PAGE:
EU urged to use new treaty to support language rights


The European Commission should use legal changes introduced by the Lisbon Treaty to protect the rights of linguistic minorities in the European Union, Latvian MEP Tatjana Zdanoka has urged.

Greens/European Free Alliance MEP Zdanoka, a member of the European Parliament’s civil liberties committee, called on the EU executive to “name and shame” member states that fail to adequately protect minority languages. 

The Latvian MEP pointed out that as of today (1 December), an EU treaty clause states that the Union is “founded on the values of respect for human rights, including the rights of persons belonging to minorities”.

The EU’s Lisbon Treaty, eight years in the making, came into force across the bloc’s 27 member states today. 

EU leaders believe the Lisbon Treaty will rejuvenate the decision-making apparatus of the EU institutions, making the functioning of the 27-member Union more efficient and democratic. 

The Commission should make clear that anyone “who acts against the rights of persons belonging to minorities (including linguistic rights) acts against the core values of the European Union,” Zdanoka said, calling for “a more focused statement” from the EU executive in respect of minority rights. 

“We name and shame those countries outside the EU which have a bad human rights record, even though the EU cannot impose legally-binding obligations upon them. Why, then, are we so reluctant to name bad examples inside the EU – even if we cannot impose obligations?” she asked. 

Minority languages hit the headlines recently amid concerns that a state language law passed by the Slovak parliament does not conform to EU standards as it criminalises the use of ethnic minority tongues in the country (EURACTIV 10/07/09EURACTIV 01/09/09).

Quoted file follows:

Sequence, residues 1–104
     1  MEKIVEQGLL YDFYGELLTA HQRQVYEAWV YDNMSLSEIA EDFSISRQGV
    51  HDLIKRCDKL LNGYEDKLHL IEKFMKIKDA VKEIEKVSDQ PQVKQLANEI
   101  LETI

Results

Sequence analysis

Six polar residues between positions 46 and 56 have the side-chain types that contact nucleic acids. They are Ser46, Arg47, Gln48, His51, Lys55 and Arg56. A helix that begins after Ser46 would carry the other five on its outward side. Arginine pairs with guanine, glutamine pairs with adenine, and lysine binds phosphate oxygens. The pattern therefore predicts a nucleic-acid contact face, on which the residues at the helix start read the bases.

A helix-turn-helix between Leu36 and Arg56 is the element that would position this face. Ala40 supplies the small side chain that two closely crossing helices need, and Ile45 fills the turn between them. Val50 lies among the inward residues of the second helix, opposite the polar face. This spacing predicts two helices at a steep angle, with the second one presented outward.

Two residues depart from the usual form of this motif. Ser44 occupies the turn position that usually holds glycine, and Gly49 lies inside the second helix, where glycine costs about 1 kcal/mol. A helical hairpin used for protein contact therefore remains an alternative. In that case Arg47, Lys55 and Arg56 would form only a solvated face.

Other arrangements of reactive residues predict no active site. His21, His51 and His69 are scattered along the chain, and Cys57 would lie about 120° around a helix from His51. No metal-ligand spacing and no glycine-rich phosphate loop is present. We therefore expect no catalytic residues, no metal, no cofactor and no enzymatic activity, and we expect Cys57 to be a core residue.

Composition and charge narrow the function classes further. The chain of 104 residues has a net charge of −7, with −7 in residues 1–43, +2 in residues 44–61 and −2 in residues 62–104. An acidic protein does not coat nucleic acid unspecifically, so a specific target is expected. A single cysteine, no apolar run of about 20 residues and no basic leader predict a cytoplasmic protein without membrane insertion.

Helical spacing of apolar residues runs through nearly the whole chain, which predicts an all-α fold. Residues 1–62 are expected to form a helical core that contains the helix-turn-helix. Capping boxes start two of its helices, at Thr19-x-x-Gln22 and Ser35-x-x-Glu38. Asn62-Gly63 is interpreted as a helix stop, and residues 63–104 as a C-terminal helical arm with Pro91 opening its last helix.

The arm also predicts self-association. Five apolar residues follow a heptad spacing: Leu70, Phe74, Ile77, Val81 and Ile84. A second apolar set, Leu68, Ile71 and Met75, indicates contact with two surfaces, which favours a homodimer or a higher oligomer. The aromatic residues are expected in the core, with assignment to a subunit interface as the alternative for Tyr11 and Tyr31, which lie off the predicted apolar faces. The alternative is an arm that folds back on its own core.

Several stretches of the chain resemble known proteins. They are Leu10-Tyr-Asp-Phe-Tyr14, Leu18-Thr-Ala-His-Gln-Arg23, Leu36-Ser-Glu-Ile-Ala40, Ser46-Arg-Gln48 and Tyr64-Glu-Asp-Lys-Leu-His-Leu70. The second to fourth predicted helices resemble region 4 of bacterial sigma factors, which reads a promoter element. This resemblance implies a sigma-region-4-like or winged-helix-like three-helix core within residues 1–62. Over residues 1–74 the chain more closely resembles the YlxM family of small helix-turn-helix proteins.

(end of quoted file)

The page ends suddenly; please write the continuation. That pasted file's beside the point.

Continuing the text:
Meanwhile, earlier this year, a European Parliament vote exposed divisions between centre-right MEPs and their left-leaning socialist, Green and Liberal counterparts over how far the EU should go in backing minority language learning (EURACTIV 25/03/09). 

Zdanoka believes more should be done to promote multilingualism in the EU institutions, expressing regret that she is not yet allowed to address the Parliament in her native Russian: despite its status as the first language of 40% of the population of Latvia. 

There is a precedent for minority-language use in the EU institutions: in July, an agreement struck between the European Commission and the UK government paved the way for the Welsh to be able to write to the EU executive in their native language (EURACTIV 09/07/09). 

Moreover, last November, Welsh was heard and interpreted at EU level for the first time during a meeting of culture ministers (EURACTIV 24/11/08). 

Since then, the Welsh have been able to write to the European Council, and receive a written response, in their native tongue. 

Zdanoka, meanwhile, wants the Commission to do more to monitor the treatment of minority languages in EU countries. 

Minority languages in Europe are protected by the European Charter for Regional or Minority Languages, which was adopted by the Council of Europe in June 1992 and came into force in 1998. 

It seeks to promote threatened languages as part of Europe's cultural heritage and facilitate their use in daily life. 

Last year, the European Commission stood accused by MEPs from the European Free Alliance of not being "courageous" enough to set out concrete initiatives to promote minority languages in its multilingualism strategy (EURACTIV 25/09/08). 

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